changing horses in mid-stream. new carving

MFA cupboard door #1
MFA cupboard door #1

This is the door frame & panel I made for the MFA cupboard project. The carvings are based on related examples; the frame carving is essentially a copy of that on the cupboard at the MET in NY.

And while it’s been hanging around my shop, I decided I didn’t like it. So I carved version two – below.

new version MFA cupboard door
new version MFA cupboard door

This one has S-scrolls that relate to the lower case in the MFA. Here is a detail of the scrolls I used to arrive at the new pattern.

S-scroll MFA cupboard
S-scroll MFA cupboard

The addition of the open circles & half-circles shortens the S-scrolls. I like them better that way. The cupboard base also has S-scrolls without the open circles; so either door frame is conceivable; but I lean towards the 2nd one. There will be no Door #3. It’s not Let’s Make a Deal.

A couple of tweaks; I have to decided whether to cut out the background of the full-circles, or cross-hatch them. Also, add some nail-holes-as-a-punch.

Then pillars. Then applied moldings. Then paint. Somewhere in there the pine top boards, soffit, etc. A zillion details, and this is only the upper case. Imagine if I were making the whole thing.

sketched on a napkin

S Doggett round plane
S Doggett round plane

Many years ago, Rob Tarule showed me this plane at the museum where I work. I don’t remember if Rob bought the plane when he worked there. It’s an unsuspecting enough example. It’s a 7/8″ round plane, probably birch, about 10 1/4″ long.  Made between about 1770s and 1820s; according to A Guide to the Makers of American Wooden Planes by Emil & Martyl Pollak.

 Here is the stamp, reading “S Doggett  Dedham”; probably for Samuel Doggett, Jr. (1751-1831) of Dedham, Massachusetts.  

S Doggett Dedham
S Doggett Dedham

 So that makes it a reasonably old plane, but the reason that I took pictures of this plane is the sketch scratched in the side of it. It looks as if someone scratched a house frame’s “bent” with a knife in the side of the plane, now very faint. well, it takes a bit of raking light, some imagination, etc to make it appear. but I like the idea that some carpenter/housewright took this plane & made this sketch…like we might sketch on a paper napkin…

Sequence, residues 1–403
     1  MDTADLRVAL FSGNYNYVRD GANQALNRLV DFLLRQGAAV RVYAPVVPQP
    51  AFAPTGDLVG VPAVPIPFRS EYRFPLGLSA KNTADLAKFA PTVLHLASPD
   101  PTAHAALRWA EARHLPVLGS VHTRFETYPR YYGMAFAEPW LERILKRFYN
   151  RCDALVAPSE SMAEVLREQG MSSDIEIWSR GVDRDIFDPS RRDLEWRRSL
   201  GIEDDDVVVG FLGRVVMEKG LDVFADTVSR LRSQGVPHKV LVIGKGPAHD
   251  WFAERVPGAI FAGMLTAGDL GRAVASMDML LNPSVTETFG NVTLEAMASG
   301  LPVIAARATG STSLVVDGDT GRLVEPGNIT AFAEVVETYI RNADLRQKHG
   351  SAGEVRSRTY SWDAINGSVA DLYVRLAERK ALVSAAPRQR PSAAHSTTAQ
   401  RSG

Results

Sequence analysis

sketch of house
sketch of house

one thing leads to another

Well, I’m not much when it comes to carpentry. I knew the old aluminum screen door had to go; and that I couldn’t abide a factory-made modern wooden door. So I made one, and then of course had to struggle through framing & hanging it.  And that led to new shingles…& on & on.
But today I had help.
willing helpers
willing helpers
As is often the case, the help often has a mind of its own. Apparently, Daniel did not warm up to the chip carving, and thus decided to shingle over it.
so much for chip carving
so much for chip carving
Meanwhile Rose had decided that there was more pressing work elsewhere, and was ready to go.
ready with the tool kit
ready with the tool kit

The kids work at a faster pace than I do; making photography a little trickier. Plus they were smart enough to work in the shade.

home repairs full-speed
home repairs full-speed

a couple of photos

box stool, oak
box stool, oak

 

Finally getting around to photographing some stuff I’m finishing up. First is this box stool. It’s a form I’ve only seen in passing in England; but its construction is pretty straightforward. I have used some carving patterns from Devon, and the turnings are generic enough. Here’s a view of it open:

box stool, open
box stool, open

While I had the paper set up, I shot this detail of the interior of a joined stool’s upper rail, or apron. The hewing hatchet’s traces are evident, as is the tapered cross-section of the other rail, resulting from the riven stock used in the stool. Barely visible in this shot are two Roman numerals matching the mortise & tenon. (there’s a “I” just above the longest protruding pin, the corresponding “I” is washed out on the surface of the stile.)

tool marks, joined stool
tool marks, joined stool

Sorry I haven’t been keeping things coming too much here lately, been short on chances for photos, and without them, it’s just blather to me…my goal is to get it going again. Stay tuned.

Woodworking on the road

This year I have been on the road a bit…when I started scheduling stuff last year, it seemed like a good idea. Then more & more proposals came along & each one was too good to pass up.  The winter & spring got the Colonial Williamsburg & Winterthur presentations wrapped up…